THE MARQUIS OF LOSSIE.
BY GEORGE MACDONALD, AUTHOR OF "MALCOLM," ETC.
As the days passed on and Florimel heard nothing of Lenorme, the uneasiness that came with the thought of him gradually diminished, and all the associations of opposite complexion returned. Untrammelled by fear, the path into a scaring future seeming to be cut off, her imagination began to work in the quarry of her late experience, shaping its dazzling material into gorgeous castles, with foundations deep dug in the air, wherein lorded the person and gifts and devotion of the painter. When lost in such blissful reveries not seldom moments arrived in which she imagined herself — even felt as if she were capable, if not of marrying Lenorme in the flushed face of outraged society, yet of fleeing with him from the judgment of the all but all-potent divinity to the friendly bosom of some blessed isle of the southern seas, whose empty luxuriance they might change into luxury, and there living a long harmonious idyll of wedded love, in which old age and death should be provided against by never taking them into account. This mere fancy — which, poor in courage as it was in invention, she was far from capable of carrying into effect — yet seemed to herself the outcome and sign of a whole world of devotion in her bosom. If one of the meanest of human conditions is conscious heroism, paltrier yet is heroism before the fact, incapable of self-realization. But even the poorest dreaming has its influences, and the result of hers was that the attentions of Liftore became again distasteful to her. And no wonder, for indeed his lordship's presence in the actual world made a poor show beside that of the painter in the ideal world of the woman who, if she could not with truth be said to love him, yet certainly had a powerful fancy for him: the mean phrase is good enough, even although the phantom of Lenorme roused in her all the twilight poetry of her nature, and the presence of Liftore set her whole consciousness in the perpendicular shadowless gaslight of prudence and self-protection.
The pleasure of her castle-building was but seldom interrupted by any thought of the shamefulness of her behavior to him. That did not matter much. She could so easily make up for all he had suffered! Her selfishness closed her eyes to her own falsehood. Had she meant it truly, she would have been right both for him and for herself. To have repented and become as noble a creature as Lenorme was capable of imagining her — not to say as God had designed her — would indeed have been to make up for all he had suffered. But the poor blandishment she contemplated as amends could render him blessed only while its intoxication blinded him to the fact that it meant nothing of what it ought to mean — that behind it was no entire heart-filled woman. Meantime, as the past, with its delightful imprudences, its trembling joys glided away, swiftly widening the space between her and her false fears and shames, and seeming to draw with it the very facts themselves, promising to obliterate at length all traces of them, she gathered courage; and as the feeling of exposure that had made the covert of Liftore's attentions acceptable began to yield, her variableness began to reappear and his lordship to find her uncertain as ever. Assuredly, as his aunt said, she was yet but a girl incapable of knowing her own mind, and he must not press his suit. Nor had he the spur of jealousy or fear to urge him; society regarded her as his, and the shadowy repute of the boldfaced countess intercepted some favorable rays which would otherwise have fallen upon the young and beautiful marchioness from fairer luminaries even than Liftore.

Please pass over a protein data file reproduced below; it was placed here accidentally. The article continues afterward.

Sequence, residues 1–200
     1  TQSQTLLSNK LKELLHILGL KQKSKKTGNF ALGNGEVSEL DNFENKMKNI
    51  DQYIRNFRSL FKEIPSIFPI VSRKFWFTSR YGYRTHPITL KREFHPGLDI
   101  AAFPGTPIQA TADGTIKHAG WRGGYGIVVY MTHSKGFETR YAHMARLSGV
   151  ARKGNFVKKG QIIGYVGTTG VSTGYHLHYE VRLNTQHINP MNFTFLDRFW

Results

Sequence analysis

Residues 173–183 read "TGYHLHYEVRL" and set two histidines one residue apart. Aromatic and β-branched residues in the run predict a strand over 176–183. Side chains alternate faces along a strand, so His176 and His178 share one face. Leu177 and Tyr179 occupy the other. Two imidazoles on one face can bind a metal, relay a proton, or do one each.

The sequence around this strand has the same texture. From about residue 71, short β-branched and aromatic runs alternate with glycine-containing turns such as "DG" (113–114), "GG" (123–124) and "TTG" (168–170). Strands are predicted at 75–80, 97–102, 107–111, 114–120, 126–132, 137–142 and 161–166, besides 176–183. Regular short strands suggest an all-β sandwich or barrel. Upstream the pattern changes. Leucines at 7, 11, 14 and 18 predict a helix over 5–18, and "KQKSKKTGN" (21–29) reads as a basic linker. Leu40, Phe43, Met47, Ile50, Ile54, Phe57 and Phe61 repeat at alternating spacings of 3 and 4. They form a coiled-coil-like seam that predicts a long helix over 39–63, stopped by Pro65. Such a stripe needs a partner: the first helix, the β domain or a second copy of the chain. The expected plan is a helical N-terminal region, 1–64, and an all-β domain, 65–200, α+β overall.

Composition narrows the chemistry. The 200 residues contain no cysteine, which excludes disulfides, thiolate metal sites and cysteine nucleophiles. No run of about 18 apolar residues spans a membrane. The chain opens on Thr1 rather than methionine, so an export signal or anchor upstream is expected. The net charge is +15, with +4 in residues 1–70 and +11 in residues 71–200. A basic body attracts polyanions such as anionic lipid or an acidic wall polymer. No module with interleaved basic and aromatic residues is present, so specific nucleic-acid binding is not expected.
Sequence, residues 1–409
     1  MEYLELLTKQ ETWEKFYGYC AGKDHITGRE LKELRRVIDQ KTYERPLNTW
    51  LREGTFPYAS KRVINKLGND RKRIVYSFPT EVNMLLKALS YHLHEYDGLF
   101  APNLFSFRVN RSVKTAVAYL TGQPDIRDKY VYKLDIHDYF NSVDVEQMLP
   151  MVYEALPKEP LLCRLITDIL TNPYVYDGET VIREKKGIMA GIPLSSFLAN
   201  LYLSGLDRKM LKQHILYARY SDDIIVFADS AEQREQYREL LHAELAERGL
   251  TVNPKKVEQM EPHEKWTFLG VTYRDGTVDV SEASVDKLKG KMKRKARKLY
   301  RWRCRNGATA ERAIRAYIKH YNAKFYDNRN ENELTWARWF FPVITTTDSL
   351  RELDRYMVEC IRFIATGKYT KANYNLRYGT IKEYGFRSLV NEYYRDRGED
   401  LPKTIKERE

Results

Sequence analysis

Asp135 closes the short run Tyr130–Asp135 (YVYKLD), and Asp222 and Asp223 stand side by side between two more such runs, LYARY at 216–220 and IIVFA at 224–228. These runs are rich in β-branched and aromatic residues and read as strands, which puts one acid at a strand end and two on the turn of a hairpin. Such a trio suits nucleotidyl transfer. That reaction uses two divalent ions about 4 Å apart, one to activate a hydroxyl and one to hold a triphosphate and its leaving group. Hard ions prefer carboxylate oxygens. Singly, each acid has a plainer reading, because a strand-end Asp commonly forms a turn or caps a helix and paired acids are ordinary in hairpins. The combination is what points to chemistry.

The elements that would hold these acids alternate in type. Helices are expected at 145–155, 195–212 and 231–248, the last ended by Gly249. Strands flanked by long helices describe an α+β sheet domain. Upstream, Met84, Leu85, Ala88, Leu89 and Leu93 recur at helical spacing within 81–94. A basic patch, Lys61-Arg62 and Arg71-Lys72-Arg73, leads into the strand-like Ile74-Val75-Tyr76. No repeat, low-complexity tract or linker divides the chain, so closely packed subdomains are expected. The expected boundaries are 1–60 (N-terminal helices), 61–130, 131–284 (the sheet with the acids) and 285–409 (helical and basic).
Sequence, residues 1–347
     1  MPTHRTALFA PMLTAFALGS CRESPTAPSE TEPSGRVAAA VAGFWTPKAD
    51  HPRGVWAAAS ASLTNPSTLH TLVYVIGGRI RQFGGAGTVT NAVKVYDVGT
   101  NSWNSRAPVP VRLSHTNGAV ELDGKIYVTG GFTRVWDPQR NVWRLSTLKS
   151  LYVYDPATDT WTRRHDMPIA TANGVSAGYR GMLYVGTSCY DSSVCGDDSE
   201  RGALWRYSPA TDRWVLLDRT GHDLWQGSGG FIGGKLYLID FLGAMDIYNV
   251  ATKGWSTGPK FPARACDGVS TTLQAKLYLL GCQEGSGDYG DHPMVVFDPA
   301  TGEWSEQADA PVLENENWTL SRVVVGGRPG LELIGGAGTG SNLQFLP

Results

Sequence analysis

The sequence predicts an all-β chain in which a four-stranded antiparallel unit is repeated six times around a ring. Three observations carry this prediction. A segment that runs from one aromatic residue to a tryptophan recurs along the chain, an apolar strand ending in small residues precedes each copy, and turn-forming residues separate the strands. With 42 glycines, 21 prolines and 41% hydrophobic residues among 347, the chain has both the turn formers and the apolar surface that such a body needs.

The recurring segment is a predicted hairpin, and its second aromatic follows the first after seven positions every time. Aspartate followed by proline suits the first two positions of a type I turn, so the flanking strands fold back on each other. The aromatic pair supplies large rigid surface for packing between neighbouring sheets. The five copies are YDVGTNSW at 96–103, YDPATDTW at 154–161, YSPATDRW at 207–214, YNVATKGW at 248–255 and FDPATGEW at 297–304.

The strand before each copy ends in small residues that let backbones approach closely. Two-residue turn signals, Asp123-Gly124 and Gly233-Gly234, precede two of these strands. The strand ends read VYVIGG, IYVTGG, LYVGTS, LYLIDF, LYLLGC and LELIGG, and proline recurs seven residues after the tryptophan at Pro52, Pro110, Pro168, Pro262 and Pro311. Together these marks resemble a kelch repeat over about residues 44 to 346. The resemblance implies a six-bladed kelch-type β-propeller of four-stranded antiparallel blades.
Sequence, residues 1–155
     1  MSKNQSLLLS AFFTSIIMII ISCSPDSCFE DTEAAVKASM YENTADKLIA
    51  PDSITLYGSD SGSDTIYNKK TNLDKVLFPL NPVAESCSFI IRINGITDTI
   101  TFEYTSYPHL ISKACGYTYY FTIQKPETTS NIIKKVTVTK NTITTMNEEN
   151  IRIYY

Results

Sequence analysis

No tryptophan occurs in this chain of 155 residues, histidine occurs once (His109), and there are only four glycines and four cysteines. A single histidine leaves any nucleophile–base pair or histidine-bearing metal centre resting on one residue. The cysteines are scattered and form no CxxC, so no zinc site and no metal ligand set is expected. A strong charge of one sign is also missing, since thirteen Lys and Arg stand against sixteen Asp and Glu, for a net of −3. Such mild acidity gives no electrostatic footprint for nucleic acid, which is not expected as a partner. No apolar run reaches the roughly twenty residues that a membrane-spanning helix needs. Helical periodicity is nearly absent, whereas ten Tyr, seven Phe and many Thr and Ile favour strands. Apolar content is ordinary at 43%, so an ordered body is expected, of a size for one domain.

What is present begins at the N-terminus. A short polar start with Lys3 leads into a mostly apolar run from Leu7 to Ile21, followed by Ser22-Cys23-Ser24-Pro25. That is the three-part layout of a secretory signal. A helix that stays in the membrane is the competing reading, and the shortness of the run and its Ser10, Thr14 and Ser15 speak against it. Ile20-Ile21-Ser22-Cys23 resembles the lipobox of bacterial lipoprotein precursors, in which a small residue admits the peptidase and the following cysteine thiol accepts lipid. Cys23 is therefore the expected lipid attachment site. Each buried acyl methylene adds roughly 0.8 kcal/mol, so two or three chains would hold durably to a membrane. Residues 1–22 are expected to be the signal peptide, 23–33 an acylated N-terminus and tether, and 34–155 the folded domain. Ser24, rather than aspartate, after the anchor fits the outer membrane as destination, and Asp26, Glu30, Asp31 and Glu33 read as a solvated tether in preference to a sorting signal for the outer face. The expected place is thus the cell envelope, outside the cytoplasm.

But there was one good process, by herself little regarded, going on in Florimel: notwithstanding the moral discomfort oftener than once occasioned her by Malcolm, her confidence in him was increasing; and now that the kind of danger threatening her seemed altered, she leaned her mind upon him not a little, and more than she could well have accounted for to herself on the only grounds she could have adduced — namely, that he was an attendant authorized by her father, and, like herself, loyal to his memory and will; and that, faithful as a dog, he would fly at the throat of any one who dared touch her; of which she had had late proof, supplemented by his silent endurance of consequent suffering. Demon sometimes looked angry when she teased him — had even gone so far as to bare his teeth — but Malcolm had never shown temper. In a matter of imagined duty, he might presume, but that was a small thing beside the sense of safety his very presence brought with it. She shuddered, indeed, at the remembrance of one look he had given her, but that had been for no be-